Last week’s Independent cover story by John S. Adams, “The Walter Ego,” has stirred up a hornet’s nest in the state’s political circles. In the article, Adams relates his attempts to find out just how Gov. Schweitzer’s brother Walter has been influencing the formulation of state policy from his rather ill-defined, but definitely high-level, position of power in the governor’s office. On the surface, only a scant few individuals were willing to go on the record to be quoted for the story. But off the record, in e-mails and blogs, a considerably larger mass have tales to tell—tales they won’t tell in public, however, because of fear that if they do, they will pay harshly for crossing the governor.
For those who may have missed it, Adams’ story basically asks two questions: Who is Walter Schweitzer and what does he do? The obvious answers are that Walter is the governor’s brother and he is somehow helping his brother govern the state of Montana. But where the tale gets interesting is in the questions raised by politicos on both sides of the aisle who have had dealings with Walter.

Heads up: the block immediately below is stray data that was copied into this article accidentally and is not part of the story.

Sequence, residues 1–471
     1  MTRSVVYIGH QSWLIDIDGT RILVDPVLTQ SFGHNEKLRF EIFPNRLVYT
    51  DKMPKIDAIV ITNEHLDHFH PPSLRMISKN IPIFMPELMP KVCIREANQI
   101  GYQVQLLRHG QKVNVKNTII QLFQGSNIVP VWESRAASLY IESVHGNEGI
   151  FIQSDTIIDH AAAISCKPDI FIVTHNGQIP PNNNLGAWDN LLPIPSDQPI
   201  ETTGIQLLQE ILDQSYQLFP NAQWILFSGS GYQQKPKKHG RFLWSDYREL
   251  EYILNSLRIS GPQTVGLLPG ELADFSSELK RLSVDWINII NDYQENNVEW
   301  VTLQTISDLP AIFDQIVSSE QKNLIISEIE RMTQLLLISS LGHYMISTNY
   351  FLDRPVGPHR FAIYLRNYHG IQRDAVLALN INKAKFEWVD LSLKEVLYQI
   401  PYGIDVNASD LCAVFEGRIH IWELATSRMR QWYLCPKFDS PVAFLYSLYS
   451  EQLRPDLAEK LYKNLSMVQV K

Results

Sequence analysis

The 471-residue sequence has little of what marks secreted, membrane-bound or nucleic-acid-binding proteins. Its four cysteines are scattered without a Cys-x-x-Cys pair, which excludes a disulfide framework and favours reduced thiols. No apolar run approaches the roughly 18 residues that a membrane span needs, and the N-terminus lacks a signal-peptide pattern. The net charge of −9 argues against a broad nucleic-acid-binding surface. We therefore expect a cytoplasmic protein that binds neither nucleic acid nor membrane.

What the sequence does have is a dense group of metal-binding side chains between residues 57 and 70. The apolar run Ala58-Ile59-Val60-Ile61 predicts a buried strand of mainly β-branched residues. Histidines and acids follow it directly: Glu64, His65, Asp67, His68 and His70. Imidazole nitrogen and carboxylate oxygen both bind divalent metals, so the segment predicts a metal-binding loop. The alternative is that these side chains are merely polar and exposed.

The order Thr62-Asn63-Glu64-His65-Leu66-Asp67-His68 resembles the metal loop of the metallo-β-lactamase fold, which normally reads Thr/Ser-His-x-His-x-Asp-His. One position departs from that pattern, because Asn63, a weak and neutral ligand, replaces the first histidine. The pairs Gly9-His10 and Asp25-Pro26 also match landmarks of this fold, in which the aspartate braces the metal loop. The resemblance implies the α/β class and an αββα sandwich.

For instance, Bob Keenan, a Republican state senator from Big Fork, turned over some 500 pages of e-mails sent by Walter from a state computer during the last legislative session. Because Adams cited the e-mails in his article, some have accused him—and the Independent—of being in cahoots with Republicans to trash the Schweitzer administration. To be sure, Keenan was the leading critic of Schweitzer during the last Legislature, but for the most part whatever message he may have had for Montanans was lost in his shrill, almost desperate delivery. The e-mails Walter sent from the state computer, however, were real enough, and raised credible questions about possible violations of Montana’s nepotism laws, which are intended to ensure that relatives of elected officials are not rewarded either with cherry positions on the state payroll or undue influence on state policy by virtue of their blood relation to elected officials. The issue was serious enough that Walter’s use of both a state office and state computer were halted.